A disaster recovery plan (DRP) is essential in most if not all businesses, outlining all the processes and procedures that you will follow in the event of an unpredictable event. Events that a DRP can help to protect you against can span anything from natural disasters to malicious cyber attacks, allowing you to minimise the impact that these events will have on your business.
So, to help you in developing your DRP, here are 7 critical things you must include.
Table of Contents
1. Clear objectives
There are two key objectives to include in your DRP. The first is your recovery time objective (RTO), which details the amount of time that is required to recover all your hardware and software. The second is recovery point objective (RPO), which is how much time you can afford to lose before the resuming of normal business operations.
Both RTO and RPO across departments are crucial for identifying what you might need to get back up and running more efficiently.
2. Comprehensive inventory
Take stock of all the hardware and software that your business uses. To aid you, it is best to rank how critical these things are to the day to day running of your business – namely, critical, important, and those used less frequently.
Those pieces of hardware and software you absolutely cannot run your business without can then be prioritised in terms of recovery.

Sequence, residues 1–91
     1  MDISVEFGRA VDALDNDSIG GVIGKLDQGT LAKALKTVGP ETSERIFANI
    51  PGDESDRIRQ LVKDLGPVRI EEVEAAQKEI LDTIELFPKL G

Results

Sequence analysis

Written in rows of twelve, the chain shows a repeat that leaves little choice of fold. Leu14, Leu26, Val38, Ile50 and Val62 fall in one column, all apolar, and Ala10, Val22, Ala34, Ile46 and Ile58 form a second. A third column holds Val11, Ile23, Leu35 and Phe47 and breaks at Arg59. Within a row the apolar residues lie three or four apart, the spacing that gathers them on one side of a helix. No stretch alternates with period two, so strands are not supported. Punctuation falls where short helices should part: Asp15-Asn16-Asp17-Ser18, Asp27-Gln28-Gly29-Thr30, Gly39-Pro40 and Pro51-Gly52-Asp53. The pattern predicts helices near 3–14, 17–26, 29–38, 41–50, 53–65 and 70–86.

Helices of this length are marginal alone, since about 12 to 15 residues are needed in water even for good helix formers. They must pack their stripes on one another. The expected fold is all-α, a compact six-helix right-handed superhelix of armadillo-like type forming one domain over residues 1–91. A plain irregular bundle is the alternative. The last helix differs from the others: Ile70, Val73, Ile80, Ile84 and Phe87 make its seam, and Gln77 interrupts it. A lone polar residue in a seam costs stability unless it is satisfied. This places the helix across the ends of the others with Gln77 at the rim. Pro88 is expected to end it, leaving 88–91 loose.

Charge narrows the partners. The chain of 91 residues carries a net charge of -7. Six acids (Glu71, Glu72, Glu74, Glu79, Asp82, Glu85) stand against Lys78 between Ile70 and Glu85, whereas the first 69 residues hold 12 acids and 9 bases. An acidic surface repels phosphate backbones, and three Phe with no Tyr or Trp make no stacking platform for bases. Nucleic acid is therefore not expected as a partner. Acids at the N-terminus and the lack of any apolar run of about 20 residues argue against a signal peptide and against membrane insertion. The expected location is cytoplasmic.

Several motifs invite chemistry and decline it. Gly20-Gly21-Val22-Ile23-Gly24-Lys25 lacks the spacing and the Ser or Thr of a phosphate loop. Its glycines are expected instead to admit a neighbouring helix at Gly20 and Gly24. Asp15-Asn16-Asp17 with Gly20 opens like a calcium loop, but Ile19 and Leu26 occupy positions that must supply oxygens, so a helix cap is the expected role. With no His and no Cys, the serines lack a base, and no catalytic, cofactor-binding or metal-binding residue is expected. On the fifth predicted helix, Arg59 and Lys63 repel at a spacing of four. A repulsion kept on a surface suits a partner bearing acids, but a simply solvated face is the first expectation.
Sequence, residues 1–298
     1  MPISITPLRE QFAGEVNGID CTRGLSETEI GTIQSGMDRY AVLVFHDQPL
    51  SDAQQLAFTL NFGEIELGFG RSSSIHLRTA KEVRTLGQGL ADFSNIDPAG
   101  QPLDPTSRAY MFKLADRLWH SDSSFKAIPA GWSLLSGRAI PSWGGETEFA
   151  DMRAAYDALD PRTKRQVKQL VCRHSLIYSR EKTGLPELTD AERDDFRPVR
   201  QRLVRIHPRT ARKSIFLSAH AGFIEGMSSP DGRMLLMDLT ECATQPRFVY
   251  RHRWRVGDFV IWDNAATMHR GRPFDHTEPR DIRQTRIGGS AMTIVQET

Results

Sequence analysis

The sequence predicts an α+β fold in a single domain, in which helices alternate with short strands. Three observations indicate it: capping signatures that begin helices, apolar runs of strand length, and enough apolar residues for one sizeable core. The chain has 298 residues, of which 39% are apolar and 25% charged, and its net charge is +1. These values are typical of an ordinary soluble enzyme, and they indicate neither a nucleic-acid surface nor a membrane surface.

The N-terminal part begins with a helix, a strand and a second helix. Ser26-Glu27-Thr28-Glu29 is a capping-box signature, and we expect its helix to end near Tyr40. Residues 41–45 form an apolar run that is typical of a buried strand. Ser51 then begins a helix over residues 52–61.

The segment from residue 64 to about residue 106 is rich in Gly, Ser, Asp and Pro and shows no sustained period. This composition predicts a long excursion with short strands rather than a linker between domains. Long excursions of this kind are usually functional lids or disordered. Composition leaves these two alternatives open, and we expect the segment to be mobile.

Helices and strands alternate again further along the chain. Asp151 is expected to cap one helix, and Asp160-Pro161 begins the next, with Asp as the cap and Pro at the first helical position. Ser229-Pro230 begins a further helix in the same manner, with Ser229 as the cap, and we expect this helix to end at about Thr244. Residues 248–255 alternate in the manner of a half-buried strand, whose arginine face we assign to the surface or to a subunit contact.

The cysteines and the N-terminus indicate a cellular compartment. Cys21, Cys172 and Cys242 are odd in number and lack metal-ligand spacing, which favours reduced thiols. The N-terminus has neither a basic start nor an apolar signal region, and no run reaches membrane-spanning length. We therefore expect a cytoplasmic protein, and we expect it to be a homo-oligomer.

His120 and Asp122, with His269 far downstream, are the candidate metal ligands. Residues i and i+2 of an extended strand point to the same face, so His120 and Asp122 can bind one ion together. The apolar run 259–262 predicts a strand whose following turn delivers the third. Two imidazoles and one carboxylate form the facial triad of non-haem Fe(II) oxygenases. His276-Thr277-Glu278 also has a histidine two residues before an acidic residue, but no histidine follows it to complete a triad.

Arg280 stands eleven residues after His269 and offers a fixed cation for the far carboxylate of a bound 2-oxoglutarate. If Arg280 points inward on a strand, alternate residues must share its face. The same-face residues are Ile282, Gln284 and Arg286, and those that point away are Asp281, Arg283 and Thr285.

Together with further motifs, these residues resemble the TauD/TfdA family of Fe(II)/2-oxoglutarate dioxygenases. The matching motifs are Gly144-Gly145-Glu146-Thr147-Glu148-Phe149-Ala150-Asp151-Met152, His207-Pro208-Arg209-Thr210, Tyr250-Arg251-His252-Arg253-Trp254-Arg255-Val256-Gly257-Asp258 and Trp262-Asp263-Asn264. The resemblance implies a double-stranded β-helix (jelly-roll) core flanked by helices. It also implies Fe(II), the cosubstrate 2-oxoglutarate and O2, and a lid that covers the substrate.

3. Any Business Critical Documents or Data
In addition to an inventory of your hardware and software, you should also take an inventory of any documents or data that you either cannot operate without or cannot lose, including sensitive data like personally identifiable information (PII).
4. Who is Responsible for the Process
Identify your disaster recovery personnel, what their role and responsibilities will be in the event of a disaster, alongside their emergency contact details. This will ensure everyone knows exactly what the processes are and who is responsible for each element.
Some responsibilities that you will need to consider include, but are not limited to, backing up data, software maintenance, contacting stakeholders, talking to the media, and managerial roles that declare the disaster and manage the recovery.
5. Where Assets are Located (And Where they will be Moved)
There are three main types of location you will need to specify: hot sites, warm sites, and cold sites. Hot sites include critical infrastructure, such as a data centre that works with up-to-date information, whereas warm sites contain less pertinent information. On the other hand, a cold site typically will be the location of your backups, and thus won’t be used for the everyday running of your business.
6. Response Procedure
Outline how you will mitigate risks you have identified, and what systems you will have in place to minimise the time it takes to recover from the disaster. For example, when disaster recovery planning in case of failure of IT and voice services, a cloud-hosted unified communications software can ensure continuity in your communications and minimise downtime. Employees can simply switch from a mains powered PC to a battery powered smartphone, and seamlessly carry on as usual.
7. How Often You Will Revisit and Test your Plan
And finally, make sure to set clear expectations and guidelines on how often your DRP will be tested and reviewed. This will ensure that your plan is continually updated with the latest information.